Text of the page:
Here's the whole enchilada trimmed out:
https://picasaweb.google.com/111355467778981859077/EWoodShopDiningRoomHutch2009#5663816649603519954
Concept drawing, showing a wider unit than yours, sitting on a base with four adjustable feet, with a whole lot more weight and longer span to contend with:
https://picasaweb.google.com/111355467778981859077/EWoodShopDiningRoomHutch2009#5664536626288014658
And, so you can orbit around something completed, here's the same model I used to collaborate with the client, who lived a few hundred miles away, for both the design and fabrication of the dining room set I made for her:
http://sketchup.google.com/3dwarehouse/details?mid c4558167d08ac659b0e787f72ad393&prevstart=0
Just some more ideas to play around with.
BTW, congratulation on your modeling. You are obviously becoming quite proficient with SketchUp and it shows, AND, as we see here, it gives you the ability to benefit with a bit of collaboration and swapping of ideas.
Whichever way you go, you're doing good ...
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Swingman wrote:

You are very kind. Thank you for sharing so many ideas from your work.
Bill
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Swingman wrote:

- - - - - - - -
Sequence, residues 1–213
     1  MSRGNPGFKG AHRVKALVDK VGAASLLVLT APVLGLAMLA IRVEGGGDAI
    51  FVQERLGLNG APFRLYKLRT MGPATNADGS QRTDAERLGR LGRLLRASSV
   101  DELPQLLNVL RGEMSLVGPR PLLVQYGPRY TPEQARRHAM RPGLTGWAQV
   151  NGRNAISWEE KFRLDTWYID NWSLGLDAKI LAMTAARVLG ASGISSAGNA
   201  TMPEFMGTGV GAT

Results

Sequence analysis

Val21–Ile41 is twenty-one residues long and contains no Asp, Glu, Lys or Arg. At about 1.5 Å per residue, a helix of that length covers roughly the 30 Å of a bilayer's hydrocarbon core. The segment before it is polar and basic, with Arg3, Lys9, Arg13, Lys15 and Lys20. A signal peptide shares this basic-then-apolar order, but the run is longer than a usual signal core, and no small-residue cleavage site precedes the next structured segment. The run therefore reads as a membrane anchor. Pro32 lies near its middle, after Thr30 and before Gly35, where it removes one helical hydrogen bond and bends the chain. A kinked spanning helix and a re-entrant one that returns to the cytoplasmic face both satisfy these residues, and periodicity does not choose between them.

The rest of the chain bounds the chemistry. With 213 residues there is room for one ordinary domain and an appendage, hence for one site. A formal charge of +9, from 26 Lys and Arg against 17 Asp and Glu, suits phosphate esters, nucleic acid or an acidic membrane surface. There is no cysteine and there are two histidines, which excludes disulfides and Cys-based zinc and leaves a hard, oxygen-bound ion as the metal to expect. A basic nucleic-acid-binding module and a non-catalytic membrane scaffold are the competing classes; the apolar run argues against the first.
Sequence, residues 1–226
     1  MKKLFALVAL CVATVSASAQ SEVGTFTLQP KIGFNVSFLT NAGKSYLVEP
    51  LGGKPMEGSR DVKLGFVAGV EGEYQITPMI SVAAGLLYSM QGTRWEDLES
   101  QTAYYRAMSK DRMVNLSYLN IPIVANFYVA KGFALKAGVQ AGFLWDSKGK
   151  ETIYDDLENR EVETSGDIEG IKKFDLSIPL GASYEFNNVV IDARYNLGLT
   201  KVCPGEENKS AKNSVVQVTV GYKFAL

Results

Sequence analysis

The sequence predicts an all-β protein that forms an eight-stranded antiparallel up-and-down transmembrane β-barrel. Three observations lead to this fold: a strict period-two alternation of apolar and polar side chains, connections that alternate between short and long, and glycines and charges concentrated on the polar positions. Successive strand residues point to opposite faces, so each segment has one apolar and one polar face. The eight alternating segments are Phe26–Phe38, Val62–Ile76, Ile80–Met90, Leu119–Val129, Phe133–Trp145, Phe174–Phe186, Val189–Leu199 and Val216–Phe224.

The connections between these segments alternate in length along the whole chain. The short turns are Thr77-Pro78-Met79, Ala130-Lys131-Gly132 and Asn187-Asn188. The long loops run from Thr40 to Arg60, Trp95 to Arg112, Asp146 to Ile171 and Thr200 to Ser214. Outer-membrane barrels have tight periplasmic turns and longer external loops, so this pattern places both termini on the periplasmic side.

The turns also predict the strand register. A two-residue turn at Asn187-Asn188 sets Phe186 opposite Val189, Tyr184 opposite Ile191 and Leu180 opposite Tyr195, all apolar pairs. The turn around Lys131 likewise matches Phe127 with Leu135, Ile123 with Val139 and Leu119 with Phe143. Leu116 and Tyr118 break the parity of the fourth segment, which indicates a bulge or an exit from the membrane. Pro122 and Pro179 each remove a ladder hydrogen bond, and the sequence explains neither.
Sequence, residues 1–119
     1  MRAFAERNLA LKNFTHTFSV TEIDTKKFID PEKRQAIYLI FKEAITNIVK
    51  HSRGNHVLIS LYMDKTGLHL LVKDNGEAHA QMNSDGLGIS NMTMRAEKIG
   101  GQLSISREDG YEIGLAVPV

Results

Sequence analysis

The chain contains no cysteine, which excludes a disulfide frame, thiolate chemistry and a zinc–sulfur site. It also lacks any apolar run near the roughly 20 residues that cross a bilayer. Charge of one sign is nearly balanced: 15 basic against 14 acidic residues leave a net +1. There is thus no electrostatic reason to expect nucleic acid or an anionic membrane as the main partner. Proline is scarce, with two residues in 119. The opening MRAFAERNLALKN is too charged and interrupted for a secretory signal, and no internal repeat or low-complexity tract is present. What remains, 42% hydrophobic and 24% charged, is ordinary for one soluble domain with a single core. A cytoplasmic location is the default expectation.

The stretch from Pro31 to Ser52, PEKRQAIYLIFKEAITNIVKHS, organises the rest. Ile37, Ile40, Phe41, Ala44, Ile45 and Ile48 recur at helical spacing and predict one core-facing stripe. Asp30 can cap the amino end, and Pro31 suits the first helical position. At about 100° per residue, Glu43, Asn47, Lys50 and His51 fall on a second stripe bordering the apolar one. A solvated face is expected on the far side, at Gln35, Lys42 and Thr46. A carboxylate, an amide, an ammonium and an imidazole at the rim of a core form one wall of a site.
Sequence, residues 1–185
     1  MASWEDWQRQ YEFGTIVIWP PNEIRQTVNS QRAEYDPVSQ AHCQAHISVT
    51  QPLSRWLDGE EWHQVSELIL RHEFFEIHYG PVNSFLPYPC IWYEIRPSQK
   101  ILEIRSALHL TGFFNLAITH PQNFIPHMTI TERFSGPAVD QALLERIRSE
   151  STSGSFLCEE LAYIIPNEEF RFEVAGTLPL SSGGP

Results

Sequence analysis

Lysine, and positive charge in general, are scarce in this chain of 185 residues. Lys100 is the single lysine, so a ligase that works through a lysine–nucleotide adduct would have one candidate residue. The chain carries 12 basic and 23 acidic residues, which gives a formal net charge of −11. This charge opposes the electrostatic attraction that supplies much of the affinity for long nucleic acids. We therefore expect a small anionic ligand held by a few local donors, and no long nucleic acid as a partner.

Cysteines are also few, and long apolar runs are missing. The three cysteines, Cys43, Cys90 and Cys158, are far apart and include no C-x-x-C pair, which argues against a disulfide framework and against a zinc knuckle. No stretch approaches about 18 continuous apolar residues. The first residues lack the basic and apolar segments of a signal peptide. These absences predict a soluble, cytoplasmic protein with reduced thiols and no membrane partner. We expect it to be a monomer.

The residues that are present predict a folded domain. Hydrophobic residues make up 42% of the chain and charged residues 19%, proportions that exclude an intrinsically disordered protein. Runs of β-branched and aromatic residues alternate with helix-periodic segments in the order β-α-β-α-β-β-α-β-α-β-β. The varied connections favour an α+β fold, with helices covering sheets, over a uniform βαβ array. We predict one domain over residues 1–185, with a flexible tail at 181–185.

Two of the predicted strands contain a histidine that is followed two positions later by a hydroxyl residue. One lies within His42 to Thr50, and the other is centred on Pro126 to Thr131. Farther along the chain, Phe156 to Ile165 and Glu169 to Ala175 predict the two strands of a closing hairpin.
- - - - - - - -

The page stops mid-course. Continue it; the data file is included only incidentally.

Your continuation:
https://picasaweb.google.com/111355467778981859077/EWoodShopDiningRoomHutch2009#5663816516513022130

https://picasaweb.google.com/111355467778981859077/EWoodShopDiningRoomHutch2009#5663816532739249570

https://picasaweb.google.com/111355467778981859077/EWoodShopDiningRoomHutch2009#5663816543789641538

I alternated looking at picture 3 and 4 of the base for at least a half hour before I figured out how complicated, or simple, the base really is depending on one's point of view. At first I thought the cabinetry rested on top of the base (silly me!) Really remarkable construction (and evidently rock-solid).
If there are any other newbes reading who like cabinetry, I suggest they not pass up this great lessson (and I think it's a tough one).
BTW, I don't think you learn technique like this at the table saw... and I just proved that you don't need a table saw to learn this technique. Wonderfully satisfying "solution"...
Bill
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On 1/12/2013 1:24 AM, Bill wrote: